The creature tore through brick and bone with ease.  It slaked its hunger and thirst on a diet of mangled body parts and broken house bricks.  It was growing bigger now, stronger.  It knew that it had to be big and strong to prepare for the next stage in its development.  Inside of it tiny versions of itself were forming from its body.  It was transforming its body into many smaller copies of itself.  Sharing its mind out among them.  The time of the birthing was nearly at hand and it would hatch out of its self legion.  It would conquer the world, that was what the Gromix did after all.

 

 

 

“There are secret files.”  Smith told the others.  “About a mysterious defender of the planet.  A secretive scientist according to some records.  Others speak of a mysterious magician who uses magic to defeat his foes.  If only this protector was here now.”  Smith had seen files on several men who were possibly the mysterious guardian of the plant.  She’d quite fancied a couple of them too.  “Whoever this mysterious man is, he arrives in a cobalt blue walk-in wardrobe and defeats evil dictators and alien invaders alike.  I’ve always wanted to meet him.  I hope he shows up soon.  I have a nasty feeling that we may not stop this thing in time.”

 

“Some sort of guardian angel if he doesn’t arrive in time.”  Erin felt like she was always complaining, but there was so much to complain about.  Why weren’t things better than they were?  Why couldn’t things be nicer?  Why didn’t they have a shoe that didn’t lose its heel while you were smooching someone during a slow number at the local disco?  When was Dave going to shag her again?”

 

“Maybe he’s already here.”  Smith looked across at Dave, if that was in fact his real name.  “That sort of man could do anything, he could be a hero and champion and a sentinel of and for humanity.  They say he takes young women away with him to help him fight battles on far away worlds and sometimes they meet their destiny and their husbands out there in the stars.”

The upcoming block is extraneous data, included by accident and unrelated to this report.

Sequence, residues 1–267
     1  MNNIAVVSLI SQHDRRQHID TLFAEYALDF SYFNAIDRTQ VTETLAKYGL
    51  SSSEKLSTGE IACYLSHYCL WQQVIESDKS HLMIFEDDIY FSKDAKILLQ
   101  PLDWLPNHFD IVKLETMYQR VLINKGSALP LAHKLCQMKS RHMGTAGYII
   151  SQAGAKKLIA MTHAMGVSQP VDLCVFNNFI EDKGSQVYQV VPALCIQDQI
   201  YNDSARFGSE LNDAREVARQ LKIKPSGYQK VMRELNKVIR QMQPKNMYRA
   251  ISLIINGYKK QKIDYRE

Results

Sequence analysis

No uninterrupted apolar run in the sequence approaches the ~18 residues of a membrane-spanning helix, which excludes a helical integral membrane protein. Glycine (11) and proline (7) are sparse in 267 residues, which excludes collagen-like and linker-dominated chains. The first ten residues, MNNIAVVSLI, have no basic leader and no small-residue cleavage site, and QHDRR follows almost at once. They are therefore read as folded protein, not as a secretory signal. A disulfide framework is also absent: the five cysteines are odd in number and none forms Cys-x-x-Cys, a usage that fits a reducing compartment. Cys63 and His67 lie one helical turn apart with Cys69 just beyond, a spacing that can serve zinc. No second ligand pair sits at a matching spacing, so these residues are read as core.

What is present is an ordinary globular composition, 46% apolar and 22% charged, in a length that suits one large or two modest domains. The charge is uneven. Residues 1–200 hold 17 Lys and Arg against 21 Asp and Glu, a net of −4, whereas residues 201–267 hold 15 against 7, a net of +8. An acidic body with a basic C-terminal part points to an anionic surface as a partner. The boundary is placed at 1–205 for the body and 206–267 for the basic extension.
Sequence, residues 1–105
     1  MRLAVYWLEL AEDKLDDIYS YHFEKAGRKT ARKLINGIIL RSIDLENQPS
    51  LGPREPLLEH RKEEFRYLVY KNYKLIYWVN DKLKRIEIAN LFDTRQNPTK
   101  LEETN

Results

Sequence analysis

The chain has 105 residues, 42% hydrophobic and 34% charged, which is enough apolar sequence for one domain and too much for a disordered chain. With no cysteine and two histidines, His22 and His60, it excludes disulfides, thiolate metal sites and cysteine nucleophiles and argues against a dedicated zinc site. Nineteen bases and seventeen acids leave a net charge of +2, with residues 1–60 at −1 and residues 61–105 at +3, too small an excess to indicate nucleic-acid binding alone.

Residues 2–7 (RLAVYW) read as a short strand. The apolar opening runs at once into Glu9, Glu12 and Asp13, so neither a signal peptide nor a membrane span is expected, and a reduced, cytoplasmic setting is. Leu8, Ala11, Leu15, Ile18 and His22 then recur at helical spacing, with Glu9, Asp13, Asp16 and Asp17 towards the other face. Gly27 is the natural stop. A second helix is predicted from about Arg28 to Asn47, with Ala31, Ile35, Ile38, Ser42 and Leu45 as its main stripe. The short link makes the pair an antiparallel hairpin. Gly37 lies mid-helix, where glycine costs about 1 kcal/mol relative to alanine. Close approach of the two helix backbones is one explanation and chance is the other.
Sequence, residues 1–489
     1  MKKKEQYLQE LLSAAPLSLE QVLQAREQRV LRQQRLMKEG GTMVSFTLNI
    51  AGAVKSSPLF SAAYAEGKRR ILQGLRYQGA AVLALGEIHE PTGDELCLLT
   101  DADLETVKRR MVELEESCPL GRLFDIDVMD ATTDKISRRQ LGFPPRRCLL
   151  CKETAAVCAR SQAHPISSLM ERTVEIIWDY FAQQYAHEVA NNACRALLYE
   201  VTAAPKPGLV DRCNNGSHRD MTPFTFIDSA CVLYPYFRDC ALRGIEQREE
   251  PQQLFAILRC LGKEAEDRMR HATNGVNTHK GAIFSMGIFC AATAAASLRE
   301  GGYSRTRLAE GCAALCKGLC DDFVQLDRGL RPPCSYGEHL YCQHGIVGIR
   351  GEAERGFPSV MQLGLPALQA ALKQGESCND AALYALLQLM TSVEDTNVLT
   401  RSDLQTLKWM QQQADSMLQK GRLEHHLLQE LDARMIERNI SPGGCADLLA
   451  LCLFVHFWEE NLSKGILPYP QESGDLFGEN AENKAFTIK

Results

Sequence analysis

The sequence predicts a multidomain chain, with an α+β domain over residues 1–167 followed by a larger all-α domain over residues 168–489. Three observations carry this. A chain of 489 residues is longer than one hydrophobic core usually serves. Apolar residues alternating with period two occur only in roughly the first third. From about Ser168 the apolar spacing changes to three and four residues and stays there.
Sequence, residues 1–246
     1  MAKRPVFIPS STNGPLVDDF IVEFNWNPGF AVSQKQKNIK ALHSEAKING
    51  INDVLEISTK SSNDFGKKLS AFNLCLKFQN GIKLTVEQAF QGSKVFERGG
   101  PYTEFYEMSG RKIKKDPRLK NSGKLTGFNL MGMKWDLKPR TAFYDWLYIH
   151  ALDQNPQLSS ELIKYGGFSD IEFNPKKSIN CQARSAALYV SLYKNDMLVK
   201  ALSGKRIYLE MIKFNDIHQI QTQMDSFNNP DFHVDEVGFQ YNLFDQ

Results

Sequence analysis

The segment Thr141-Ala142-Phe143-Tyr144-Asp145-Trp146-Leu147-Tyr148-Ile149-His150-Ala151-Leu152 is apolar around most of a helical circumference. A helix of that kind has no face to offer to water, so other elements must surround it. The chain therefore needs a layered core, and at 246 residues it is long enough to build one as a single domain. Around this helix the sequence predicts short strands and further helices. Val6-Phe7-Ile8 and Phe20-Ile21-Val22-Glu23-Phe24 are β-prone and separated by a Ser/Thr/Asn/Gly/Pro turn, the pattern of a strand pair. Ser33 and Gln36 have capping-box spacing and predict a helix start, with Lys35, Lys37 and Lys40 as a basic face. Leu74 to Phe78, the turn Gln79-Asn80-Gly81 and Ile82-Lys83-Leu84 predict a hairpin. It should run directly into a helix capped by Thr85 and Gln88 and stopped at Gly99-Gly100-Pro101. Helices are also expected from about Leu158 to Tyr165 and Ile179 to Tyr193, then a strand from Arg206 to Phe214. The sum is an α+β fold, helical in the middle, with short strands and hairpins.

“Sounds like a cheesy 50’s science fiction comic book to me.”  David muttered.  “I mean, as if?  Who’d take a 19 year old girl into space to fight against armies of homicidal alien killing machines and psychotic murdering tyrants?  It’s so made up.”

 

“He’s a legend.”  Smith didn’t give up.  “They say he’s immortal, he never dies.  Some say he can change his appearance to confuse his enemies and avoid death.  Some say he works for the military as an advisor, while others say he’s a hippy and works to end all war and suffering.”

 

“I don’t buy it.”  David replied.  “Why do all of that?  Why stick on one small planet when there’s a whole universe to explore?”

 

“That’s right.  Others speak of a timeless wanderer, an ancient god who walks among mortals to protect them from the constant incursions of evil beings that seek to harm the innocents.  There’s a lot of stories out there, if you know where to look.  All of them have one core truth to them though.  He always helps those who really need him.”

 

“I really need him.”  Erin muttered.  “I want to keep my children safe and also stop this thing, whatever it is, from killing anyone else’s kids.”

 

“Yes, I suppose even my neighbour’s brats deserve to live.”  Smith sighed.  “Like all legends though, I expect the truth is a little less substantial than the myth.”

 

David pointed at the horizon.  “Look, I can see the creature.  It’s massive!”

 

“It is a big one.”  Smith replied, before she and Erin broke out laughing.

 

“Sorry, Dave.”  Erin blushed.  “She made me tell her everything.”

 

Smith smiled.  “It’s just harmless girl talk.  At least she’s getting some.”

 

“Do you have a brother or any male cousins?”  Erin asked Dave.

 

“You want me to fix the Doc up with one?”

 

“Don’t call me Doc.”  Smith replied.  “It reminds me of a terrible date I had.  We went to see Spider-Man 2 and he tried to feel me up before I was ready to let him.  I broke his arm in seventeen places.”

 

“I don’t think I want you to maim any of my relatives.”  David replied quickly.  “I have a few mates though I’m not so fond of.  I guess I wouldn’t care too much if you crippled one of them.”

 

“Thanks, but I’m not in need of a mercy date, not yet anyway.  I can still ruin my love life on my own.”

 

 

 

The Creature approached the stone building.  It tore through the stone easily.  It sensed the siren call of the alien stone in its fragmented mind.  Now was the time of the hatching, the great division of self.  One self was making way for many self.  All would act as one intent.  It sensed food, but it was too weak now to move.  Many self was coming now.  One self was over, dead.  Many self needed to feast.

 

 

 

“We’re walking in a huge circle!”  Smith realised that they were now heading back to the farm house.  “Come on, help me steal this car.”